Scything Returns to North Meadow

Scything on North Meadow

Scything returned to North Meadow on Saturday for probably the first time for 100 years or more. This was made possible by Cricklade Court Leet’s Heritage Lottery Fund Grant which enabled the Court to purchase part of the meadow.

Horse drawn mower introduced around 1825

Cricklade Court Leet has been involved in the management of North Meadow for at least 800 years and for most of that time the scythe would have been the main tool for haymaking. The agricultural revolution in the 19th century resulted in  the introduction of first horse drawn mowers and later equipment powered by tractors.

On Saturday 10th July we held a practical scything and meadow management course on the land purchased with the help of the Heritage Lottery. Our course started with an introduction by the Court Town Crier Eric. Continue reading “Scything Returns to North Meadow”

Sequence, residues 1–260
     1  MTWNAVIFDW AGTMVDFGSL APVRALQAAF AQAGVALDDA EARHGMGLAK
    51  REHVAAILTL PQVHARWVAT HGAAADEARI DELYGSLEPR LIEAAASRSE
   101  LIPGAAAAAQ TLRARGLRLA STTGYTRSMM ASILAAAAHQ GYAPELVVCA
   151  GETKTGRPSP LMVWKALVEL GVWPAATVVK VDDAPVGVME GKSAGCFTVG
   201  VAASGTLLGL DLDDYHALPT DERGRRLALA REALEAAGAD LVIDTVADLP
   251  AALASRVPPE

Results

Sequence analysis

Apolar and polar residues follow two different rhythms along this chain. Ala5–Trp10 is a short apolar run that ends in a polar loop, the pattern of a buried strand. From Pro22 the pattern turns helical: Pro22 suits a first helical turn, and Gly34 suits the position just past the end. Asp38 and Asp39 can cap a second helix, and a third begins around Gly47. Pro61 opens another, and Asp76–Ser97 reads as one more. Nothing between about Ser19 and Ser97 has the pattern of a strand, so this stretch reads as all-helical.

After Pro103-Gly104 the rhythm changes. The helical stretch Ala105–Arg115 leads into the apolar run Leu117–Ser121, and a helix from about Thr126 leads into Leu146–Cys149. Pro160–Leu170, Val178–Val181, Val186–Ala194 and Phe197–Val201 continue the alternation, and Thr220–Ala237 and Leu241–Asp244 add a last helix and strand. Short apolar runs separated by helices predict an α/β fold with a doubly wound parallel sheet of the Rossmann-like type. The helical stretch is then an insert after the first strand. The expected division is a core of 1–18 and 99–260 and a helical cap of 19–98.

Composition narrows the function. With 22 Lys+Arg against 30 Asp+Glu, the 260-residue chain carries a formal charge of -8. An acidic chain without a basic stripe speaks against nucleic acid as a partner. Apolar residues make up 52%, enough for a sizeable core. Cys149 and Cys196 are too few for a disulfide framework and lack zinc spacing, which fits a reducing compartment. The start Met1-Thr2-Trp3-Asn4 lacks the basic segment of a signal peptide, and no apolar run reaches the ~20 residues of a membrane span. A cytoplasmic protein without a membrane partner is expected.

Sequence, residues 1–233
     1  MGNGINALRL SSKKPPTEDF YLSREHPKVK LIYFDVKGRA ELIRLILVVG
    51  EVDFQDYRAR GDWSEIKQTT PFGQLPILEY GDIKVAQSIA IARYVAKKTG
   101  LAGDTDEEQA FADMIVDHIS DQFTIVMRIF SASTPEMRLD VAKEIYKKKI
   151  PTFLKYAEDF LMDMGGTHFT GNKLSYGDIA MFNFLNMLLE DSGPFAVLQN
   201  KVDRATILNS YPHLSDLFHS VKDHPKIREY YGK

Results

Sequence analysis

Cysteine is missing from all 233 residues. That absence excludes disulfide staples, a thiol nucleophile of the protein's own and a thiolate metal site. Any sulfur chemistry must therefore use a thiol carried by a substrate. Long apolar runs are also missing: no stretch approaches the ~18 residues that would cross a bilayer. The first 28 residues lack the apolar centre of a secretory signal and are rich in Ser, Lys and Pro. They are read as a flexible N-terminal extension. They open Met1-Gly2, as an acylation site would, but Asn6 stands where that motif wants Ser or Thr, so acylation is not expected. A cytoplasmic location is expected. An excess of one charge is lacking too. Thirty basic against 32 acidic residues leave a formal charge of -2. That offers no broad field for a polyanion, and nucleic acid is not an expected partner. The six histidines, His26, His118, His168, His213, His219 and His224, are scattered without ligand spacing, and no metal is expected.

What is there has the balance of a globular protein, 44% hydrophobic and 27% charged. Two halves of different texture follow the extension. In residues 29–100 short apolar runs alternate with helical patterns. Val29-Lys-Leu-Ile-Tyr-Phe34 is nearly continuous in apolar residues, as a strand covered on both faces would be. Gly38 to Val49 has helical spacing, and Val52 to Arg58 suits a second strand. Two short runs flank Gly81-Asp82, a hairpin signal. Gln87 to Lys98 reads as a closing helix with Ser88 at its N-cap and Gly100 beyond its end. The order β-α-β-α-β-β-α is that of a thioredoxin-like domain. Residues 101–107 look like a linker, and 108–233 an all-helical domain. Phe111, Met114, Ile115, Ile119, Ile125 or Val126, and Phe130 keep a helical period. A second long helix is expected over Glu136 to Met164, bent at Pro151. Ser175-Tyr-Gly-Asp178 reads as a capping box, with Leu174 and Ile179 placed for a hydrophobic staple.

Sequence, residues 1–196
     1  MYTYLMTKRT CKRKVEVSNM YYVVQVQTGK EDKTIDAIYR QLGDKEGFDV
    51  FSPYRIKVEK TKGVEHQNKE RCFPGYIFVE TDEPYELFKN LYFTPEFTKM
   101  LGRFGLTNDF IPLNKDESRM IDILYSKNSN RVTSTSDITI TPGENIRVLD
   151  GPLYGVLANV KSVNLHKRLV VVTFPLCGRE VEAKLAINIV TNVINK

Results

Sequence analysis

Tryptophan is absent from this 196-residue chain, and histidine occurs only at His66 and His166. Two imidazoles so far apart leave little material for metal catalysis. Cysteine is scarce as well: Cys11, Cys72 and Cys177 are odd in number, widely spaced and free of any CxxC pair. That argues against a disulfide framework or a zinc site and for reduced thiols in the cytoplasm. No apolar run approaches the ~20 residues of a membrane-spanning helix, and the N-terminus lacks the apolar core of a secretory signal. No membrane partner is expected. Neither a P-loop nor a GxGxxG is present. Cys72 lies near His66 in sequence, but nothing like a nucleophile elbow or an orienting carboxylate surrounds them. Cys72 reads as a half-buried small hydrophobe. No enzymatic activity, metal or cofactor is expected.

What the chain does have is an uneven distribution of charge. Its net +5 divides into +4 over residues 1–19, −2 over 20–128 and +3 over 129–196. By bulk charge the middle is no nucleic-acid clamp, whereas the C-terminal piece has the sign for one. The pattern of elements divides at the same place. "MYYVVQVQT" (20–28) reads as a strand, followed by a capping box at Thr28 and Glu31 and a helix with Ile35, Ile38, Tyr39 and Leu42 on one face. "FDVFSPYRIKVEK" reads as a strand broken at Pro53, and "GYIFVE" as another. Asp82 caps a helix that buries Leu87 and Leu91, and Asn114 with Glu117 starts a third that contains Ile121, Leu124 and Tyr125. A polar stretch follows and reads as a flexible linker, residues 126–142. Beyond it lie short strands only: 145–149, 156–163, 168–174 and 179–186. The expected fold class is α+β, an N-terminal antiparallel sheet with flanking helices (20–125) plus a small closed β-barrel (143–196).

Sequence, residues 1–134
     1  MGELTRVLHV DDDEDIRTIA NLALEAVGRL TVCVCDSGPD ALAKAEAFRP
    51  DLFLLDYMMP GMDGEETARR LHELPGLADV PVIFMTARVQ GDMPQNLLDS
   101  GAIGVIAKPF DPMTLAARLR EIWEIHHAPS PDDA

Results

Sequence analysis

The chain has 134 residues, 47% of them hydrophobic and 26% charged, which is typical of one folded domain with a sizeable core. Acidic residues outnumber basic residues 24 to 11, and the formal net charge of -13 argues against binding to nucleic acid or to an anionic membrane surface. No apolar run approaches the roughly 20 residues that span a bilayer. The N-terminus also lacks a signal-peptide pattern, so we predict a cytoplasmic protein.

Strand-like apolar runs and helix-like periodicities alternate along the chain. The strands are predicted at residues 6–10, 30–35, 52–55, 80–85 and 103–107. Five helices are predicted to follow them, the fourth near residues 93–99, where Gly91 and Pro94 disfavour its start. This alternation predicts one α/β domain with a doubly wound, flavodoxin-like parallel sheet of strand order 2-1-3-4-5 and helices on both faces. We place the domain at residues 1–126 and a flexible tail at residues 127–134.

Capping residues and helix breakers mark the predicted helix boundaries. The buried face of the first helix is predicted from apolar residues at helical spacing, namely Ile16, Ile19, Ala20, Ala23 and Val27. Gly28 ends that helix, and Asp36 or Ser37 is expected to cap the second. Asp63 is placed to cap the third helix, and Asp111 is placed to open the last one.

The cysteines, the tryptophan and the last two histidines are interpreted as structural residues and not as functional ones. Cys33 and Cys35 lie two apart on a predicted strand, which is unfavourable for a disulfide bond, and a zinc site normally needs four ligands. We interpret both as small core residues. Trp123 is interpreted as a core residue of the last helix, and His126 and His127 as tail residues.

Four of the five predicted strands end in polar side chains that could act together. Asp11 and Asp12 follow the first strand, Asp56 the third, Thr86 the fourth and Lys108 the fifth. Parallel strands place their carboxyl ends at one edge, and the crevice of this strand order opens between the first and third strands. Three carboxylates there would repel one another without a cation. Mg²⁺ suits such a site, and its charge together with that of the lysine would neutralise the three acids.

North Meadow in Flood

North Meadow is in full flood this week. The National Nature Reserve is part of the floodplain for the River Thames and River Churn. Floodplains take the excess water when river levels are high and can extend over a wide area. It is quite normal for the floodplain to be inundated during the winter months and is one of the features which creates this species rich for lowland hay meadow habitat. Continue reading “North Meadow in Flood”

Conservation Grazing Vital for Biodiversity

Conservation grazing is about to start on North Meadow National Nature Reserve . Grazing with cattle following the hay cut is of vital importance to maintain biodiversity. North Meadow is a species rich lowland hay meadow habitat which is now very rare in the UK. The Joint Nature Conservation Committee (JNCC) estimate that less than 1500 ha of this habitat remain in the UK today. Continue reading “Conservation Grazing Vital for Biodiversity”